Jeremiah 41:4
And it came to pass the second day after he had slain Gedaliah, and no man knew it,
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41:1-10 Those who hate the worshippers of God, often put on the appearance of piety, that they may the easier hurt them. As death often meets men where they least expect it, we should continually search whether we are in such a state and frame of mind, as we would wish to be found in when called to appear before our Judge. Sometimes the ransom of a man's life is his riches. But those who think to bribe death, saying, Slay us not, for we have treasures in the field, will find themselves wretchedly deceived. This melancholy history warns us, never to be secure in this world. We never can be sure of peace on this side heaven.The seventh month - Gedaliah's government lasted less than two months.

Even - Rather, and. Ishmael was descended probably from Elishama the son of David 2 Samuel 5:16. Ten grandees each with his retinue would have aroused suspicion, but the smallness of Ishmael's following put Gedaliah completely off his guard.

4. no man knew it—that is, outside Mizpah. Before tidings of the murder had gone abroad. That is, no man who lived at any great distance from Mizpah, for Ishmael was concerned what in him lay to keep this slaughter private, for fear the news of it should have reached the ears of the king of Babylon, or the commanders of some of his forces, so as he should not have had time to make his escape. And it came to pass, the second day after he had slain Gedaliah,.... That is, the day following, for it was in the night, as Josephus relates, as before observed, the murder was committed:

and no man knew it; not any out of the city, or in remote parts; for those that were in the city must be sensible of it; but as yet the report of it had not reached the neighbourhood, and much less distant parts; this is observed on account of the following story, and to show how easily the persons after mentioned were drawn in by Ishmael.

And it came to pass the second day after he had slain Gedaliah, and no man knew it,
4. the second day] probably meaning the next day.

Ch. Jeremiah 41:4-18. Ishmael commits further massacres and carries off captives

The section may be summarized as follows.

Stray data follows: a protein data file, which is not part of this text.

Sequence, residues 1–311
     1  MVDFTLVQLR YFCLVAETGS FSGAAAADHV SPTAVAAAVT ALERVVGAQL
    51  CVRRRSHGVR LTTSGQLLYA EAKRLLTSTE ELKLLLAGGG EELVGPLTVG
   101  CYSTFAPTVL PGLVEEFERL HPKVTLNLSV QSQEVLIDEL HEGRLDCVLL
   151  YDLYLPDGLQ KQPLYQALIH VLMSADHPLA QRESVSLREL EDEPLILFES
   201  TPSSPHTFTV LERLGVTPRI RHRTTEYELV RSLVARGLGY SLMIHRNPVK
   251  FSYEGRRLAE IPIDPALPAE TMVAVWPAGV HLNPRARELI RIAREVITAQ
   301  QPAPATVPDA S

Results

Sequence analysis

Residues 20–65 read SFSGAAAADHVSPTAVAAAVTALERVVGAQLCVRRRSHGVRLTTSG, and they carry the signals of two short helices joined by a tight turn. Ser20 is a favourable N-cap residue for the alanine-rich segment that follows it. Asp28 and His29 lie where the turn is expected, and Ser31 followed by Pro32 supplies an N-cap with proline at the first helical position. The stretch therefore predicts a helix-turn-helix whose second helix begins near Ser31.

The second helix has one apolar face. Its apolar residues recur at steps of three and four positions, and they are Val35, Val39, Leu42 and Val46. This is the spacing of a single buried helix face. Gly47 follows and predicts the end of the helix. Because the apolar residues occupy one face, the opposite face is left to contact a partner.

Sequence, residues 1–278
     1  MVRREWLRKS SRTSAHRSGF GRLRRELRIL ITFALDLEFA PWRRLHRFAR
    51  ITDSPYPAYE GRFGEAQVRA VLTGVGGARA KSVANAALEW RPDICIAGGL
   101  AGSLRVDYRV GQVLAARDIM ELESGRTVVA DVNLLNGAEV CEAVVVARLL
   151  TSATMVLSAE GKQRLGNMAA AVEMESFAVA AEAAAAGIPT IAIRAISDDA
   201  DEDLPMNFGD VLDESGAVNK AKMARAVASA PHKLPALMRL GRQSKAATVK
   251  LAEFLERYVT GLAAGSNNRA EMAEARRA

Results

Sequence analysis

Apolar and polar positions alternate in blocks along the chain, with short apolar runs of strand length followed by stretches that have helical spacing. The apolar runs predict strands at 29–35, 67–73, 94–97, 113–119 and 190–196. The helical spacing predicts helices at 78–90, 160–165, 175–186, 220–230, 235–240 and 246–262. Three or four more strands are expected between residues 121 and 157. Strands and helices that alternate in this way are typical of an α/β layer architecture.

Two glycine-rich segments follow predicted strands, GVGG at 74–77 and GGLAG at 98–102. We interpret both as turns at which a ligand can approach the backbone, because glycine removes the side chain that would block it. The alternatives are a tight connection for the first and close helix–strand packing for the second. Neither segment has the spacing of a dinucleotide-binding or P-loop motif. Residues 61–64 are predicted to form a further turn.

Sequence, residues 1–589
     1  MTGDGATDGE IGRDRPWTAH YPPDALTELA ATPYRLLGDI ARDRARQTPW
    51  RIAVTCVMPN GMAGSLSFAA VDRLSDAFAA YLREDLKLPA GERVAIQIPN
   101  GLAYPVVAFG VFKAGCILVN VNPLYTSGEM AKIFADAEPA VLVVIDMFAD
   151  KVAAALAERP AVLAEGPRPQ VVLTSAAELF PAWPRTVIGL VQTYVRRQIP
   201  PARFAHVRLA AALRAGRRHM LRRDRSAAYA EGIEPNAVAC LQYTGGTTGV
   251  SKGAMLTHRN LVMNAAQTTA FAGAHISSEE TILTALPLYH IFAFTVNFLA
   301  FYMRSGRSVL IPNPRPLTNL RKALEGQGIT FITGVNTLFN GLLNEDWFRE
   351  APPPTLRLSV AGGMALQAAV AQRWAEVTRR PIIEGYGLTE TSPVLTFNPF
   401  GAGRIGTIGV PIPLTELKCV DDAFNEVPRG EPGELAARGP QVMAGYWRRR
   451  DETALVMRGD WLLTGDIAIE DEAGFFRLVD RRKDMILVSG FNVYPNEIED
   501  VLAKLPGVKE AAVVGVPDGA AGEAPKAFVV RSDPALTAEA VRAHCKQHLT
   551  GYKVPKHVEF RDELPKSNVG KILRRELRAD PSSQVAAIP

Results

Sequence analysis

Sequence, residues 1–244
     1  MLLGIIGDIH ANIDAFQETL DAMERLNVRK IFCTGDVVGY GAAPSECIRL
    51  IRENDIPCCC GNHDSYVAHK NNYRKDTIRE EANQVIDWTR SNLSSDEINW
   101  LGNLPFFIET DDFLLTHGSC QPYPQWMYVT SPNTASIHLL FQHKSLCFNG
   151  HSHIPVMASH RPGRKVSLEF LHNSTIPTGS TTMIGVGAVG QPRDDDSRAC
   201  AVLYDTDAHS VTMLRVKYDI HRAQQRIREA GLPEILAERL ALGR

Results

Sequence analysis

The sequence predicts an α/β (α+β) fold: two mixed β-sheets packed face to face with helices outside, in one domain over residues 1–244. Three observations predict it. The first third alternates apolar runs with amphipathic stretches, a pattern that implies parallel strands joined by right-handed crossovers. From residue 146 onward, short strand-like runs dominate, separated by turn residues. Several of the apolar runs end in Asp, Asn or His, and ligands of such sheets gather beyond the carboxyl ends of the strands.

(i) Jeremiah 41:4-10. The following day eighty pilgrims arrive. Ishmael goes weeping to meet them, and bids them come to Gedaliah. Having thus decoyed them into the city, he puts them all to death, except ten men who purchase their lives by disclosing the places where they possess hidden stores of food. Ishmael fills a pit with the slain, and carries away captive all the rest of the inhabitants of Mizpah. (ii) Jeremiah 41:11-18. Johanan and the captains who were with him go in pursuit of Ishmael, and release his captives. Ishmael himself with ten men escapes to the country of Ammon, while Johanan takes those whom he had rescued to the vicinity of Bethlehem, with a view of passing into Egypt as a refuge from the Chaldaeans.Verses 4-7. - The news of the deed of violence had not yet been spread, and Ishmael seized the opportunity of imbruing his hands in fresh blood. He could have had no personal motive; but his employer, Baalis, desired that "the remnant in Judah might perish" (Jeremiah 40:15). Gedaliah is forewarned of Ishmael's intention to murder him. - After the return of those who had taken refuge in Moab, etc., Johanan the son of Kareah, together with the rest of the captains who were scattered here and there through the country, came to Gedaliah at Mizpah, to say to him: "Dost thou know indeed that Baalis the king of the Ammonites hath sent Ishmael the son of Nethaniah to take thy life?" The words "that were in the country" are neither a gloss, nor a thoughtless repetition by some scribe from Jeremiah 40:7 (as Hitzig and Graf suppose), but they are repeated for the purpose of distinguishing plainly between the captains with their men from the Jews who had returned out of Moab, Ammon, and Edom. הכּות, "to strike the soul, life" equals to kill; cf. Genesis 37:21; Deuteronomy 19:6. What induced the king of Ammon to think of assassination - whether it was personal hostility towards Gedaliah, or the hope of destroying the only remaining support of the Jews, and thereby perhaps putting himself in possession of the country, - cannot be determined. That he employed Ishmael for the accomplishment of his purpose, may have been owing to the fact that this man had a personal envy of Gedaliah; for Ishmael, being sprung from the royal family (Jeremiah 40:1), probably could not endure being subordinate to Gedaliah. - The plot had become known, and Gedaliah was secretly informed of it by Johanan; but the former did not believe the rumour. Johanan then secretly offered to slay Ishmael, taking care that no one should know who did it, and urged compliance in the following terms: "Why should he slay thee, and all the Jews who have gathered themselves round thee be scattered, and the remnant of Judah perish?" Johanan thus called his attention to the evil consequences which would result to the remnant left in the land were he killed; but Gedaliah replied, "Do not this thing, for thou speakest a lie against Ishmael." The Qeri needlessly changes אל־תּעשׂ into אל־תּעשׂה; cf. Jeremiah 39:12.
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